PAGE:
Domestic and International Economic Policy Briefing

Office of the Prime Minister

Briefing note from: Senior Advisers International and National Security


We support PM&C’s proposal for a deradicalisation program for the foreign fighters returning from the Middle East to mitigate the risk that they will commit terrorist acts in Australia. We do not support PM&C’s proposal to commit to refrain from further prosecution if foreign fighters successfully complete the deradicalisation program.

Summary of brief: As discussed in the National Security Committee on 22 December 2015, with the defeat of Daesh, around 250 suspected Daesh fighters will shortly return to Australia. We cannot prevent their return and probably cannot jail them. We can seek control orders including tracking devices and regularly reporting to security personnel. However, this is costly and will not resolve the issue. A deradicalisation program tied to our Countering Violent Extremism program will likely mitigate the risk of terrorist acts on their return. The program would bring together successful elements of deradicalisation programs in the UK, Spain, Italy, Egypt and Saudi Arabia. If you agree, we suggest you announce the program alongside State and Territory and community leaders.

Sensitivities: The Opposition and media are likely to portray this as being soft on terrorists. Suggest we emphasise that this is our best option, it ties in with our efforts to counter violent extremism and intelligence and police forces will be keeping a close watch on them.

2. The number of returning foreign fighters (RFFs) and their likely concentration in Western Sydney and South Eastern Melbourne will present a significant challenge for Australian security services.

3. Due to evidence requirements, attempts at incarceration are unlikely to succeed. In any case incarceration could risk radicalising other prisoners.

4. We understand the Attorney-General has sought control orders including tracking devices and regular reporting to security officials.

a. Under the Criminal Code Act 1995, the Attorney-General may request that a court impose a control order in order to protect the public from a terrorist act or to prevent the provision of support for or facilitation of a terrorist act.

b. To grant the control order a court must be satisfied, on balance of probabilities, that an individual has received or participated in training with Daesh, or engaged in hostile activity in a foreign country. ASIO and the Australian Government Solicitor advise that they have evidence likely to satisfy a court.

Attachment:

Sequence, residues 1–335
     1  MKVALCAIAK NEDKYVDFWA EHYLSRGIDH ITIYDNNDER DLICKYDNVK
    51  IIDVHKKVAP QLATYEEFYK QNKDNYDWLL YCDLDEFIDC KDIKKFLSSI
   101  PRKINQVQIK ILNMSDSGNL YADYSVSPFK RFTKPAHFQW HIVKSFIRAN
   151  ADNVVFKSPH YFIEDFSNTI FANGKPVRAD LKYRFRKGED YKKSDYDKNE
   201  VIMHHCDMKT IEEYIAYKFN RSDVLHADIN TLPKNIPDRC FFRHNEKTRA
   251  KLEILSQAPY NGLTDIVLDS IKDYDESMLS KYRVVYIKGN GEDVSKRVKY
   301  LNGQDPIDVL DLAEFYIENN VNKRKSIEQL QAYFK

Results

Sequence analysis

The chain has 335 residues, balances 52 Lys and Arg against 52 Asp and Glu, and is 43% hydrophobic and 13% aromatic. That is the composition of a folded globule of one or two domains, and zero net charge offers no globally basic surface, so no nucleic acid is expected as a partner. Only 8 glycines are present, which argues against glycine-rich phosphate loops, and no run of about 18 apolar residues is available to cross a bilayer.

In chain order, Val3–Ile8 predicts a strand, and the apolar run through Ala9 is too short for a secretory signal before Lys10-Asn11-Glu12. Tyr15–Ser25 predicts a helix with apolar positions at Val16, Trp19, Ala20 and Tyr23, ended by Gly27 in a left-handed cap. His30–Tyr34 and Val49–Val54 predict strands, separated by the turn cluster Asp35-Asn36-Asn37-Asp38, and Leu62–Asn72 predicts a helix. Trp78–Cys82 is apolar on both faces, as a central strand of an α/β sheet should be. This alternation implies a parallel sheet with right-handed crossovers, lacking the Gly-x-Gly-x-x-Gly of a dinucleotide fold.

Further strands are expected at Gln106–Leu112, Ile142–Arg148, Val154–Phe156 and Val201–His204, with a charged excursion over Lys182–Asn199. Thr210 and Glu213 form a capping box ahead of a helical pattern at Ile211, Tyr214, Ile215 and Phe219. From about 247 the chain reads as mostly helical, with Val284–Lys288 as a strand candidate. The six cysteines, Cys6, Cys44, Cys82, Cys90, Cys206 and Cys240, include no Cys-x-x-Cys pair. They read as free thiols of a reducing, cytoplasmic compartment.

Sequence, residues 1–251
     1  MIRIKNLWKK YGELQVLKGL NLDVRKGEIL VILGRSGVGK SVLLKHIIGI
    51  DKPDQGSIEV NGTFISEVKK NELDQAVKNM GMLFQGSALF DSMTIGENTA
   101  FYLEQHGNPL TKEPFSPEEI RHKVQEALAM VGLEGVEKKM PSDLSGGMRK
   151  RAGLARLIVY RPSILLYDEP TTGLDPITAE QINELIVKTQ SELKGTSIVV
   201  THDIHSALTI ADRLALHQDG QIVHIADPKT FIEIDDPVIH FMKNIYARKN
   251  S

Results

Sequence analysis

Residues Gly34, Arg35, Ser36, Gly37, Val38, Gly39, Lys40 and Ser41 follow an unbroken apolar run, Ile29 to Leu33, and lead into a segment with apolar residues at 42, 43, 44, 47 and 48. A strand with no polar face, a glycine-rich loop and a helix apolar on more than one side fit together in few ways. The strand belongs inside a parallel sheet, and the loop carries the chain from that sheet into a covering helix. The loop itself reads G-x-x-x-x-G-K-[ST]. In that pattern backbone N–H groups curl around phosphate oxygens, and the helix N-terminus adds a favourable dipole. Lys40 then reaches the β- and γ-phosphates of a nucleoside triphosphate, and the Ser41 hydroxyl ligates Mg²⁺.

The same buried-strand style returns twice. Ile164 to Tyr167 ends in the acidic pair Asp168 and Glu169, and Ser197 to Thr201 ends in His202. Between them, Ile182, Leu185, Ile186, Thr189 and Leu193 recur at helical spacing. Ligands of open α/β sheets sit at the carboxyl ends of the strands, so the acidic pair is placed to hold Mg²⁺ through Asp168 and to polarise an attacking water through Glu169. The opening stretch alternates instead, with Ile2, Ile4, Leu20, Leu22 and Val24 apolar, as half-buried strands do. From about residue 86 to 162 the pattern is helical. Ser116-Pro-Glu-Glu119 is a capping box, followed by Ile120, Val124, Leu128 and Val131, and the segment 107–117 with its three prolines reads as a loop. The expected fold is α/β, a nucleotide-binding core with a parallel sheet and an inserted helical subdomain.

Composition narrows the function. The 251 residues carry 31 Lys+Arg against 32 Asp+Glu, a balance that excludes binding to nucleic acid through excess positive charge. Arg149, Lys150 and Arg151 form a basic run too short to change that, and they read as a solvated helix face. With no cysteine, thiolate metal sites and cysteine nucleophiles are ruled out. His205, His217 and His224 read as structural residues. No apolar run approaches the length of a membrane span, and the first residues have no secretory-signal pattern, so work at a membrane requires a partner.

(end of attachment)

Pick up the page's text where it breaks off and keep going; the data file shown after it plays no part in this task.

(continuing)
5. In addition to control orders, we recommend a deradicalisation program. However, control orders cannot include involuntary participation in a deradicalisation program.

6. It may be necessary to seek highly restrictive control orders for non-participants, as they present a greater risk and are less likely to deradicalise. Less restrictive control orders for participants would provide an incentive for participation.

7. We consider the deradicalisation program would be best administered by the Attorney-General’s Department (AGD) alongside the Countering Violent Extremism (CVE) so the programs can mutually reinforce each other and share lessons learnt.

a. Information gained from RFFs participating in the deradicalisation program may provide insights for CVE and other counter-terrorism efforts.

8. If you agree, PM&C will work with AGD on a Cabinet submission for the Attorney-General to bring forward. Key elements of the proposed program are below.

Deradicalisation program 9. We recommend the deradicalisation program be built around the following elements, all of which have been shown in other context to increase the likelihood that an individual will disengage from a terrorist group or deradicalise. We consider disengagement an important goal noting it may lead to deradicalisation,

a. Staffing would include security officials and representatives from the Islamic community to provide positive interactions with officials and mentors. Contact with moderate thinkers and officials has been shown to encourage al-Qaeda members to disengage from that group and may increase the probability of deradicalisation.

b. Regular theological discussions facilitated by Muslim chaplains committed to non-violence to question the ideology of Islamic extremists and provide new social networks – the UK has successfully employed this approach in prison populations.c. Training and employment programs – this appears to have been successful in Saudi Arabia and may provide access to a broader, non-violent, social network.

d. Counselling for post-traumatic stress disorder (PTSD), which is likely as they may have witnessed or participated in atrocities and may lack support networks.

e. A commitment not to further prosecute participants who successfully complete the program, unless they reoffend. Amnesties have significantly reduced terrorism in Spain and Italy and prosecution is unlikely to be successful in any case. Communications strategy

10. Deradicalisation, rather than attempts to incarcerate RFFs, is likely to be controversial. We will work with your office to craft a communications strategy outlining:

a. The evidence needed to incarcerate RFFs is not available and the Government cannot legally prevent them from returning to Australia. b. Deradicalisation has been successful in other countries and can reduce the risk of terrorist violence perpetrated by RFFs. c. All RFFs will be closely watched by security services. d. The Government will seek control orders for all RFFs including the requirement to wear tracking devices report to case managers.


[name] Counter-Terrorism Coordinator OCTC 23 December 2016

Policy Officer: [name] Phone no: [number] Consultation: Domestic Security Branch, ASIO, AGD, DFAT, DIBP.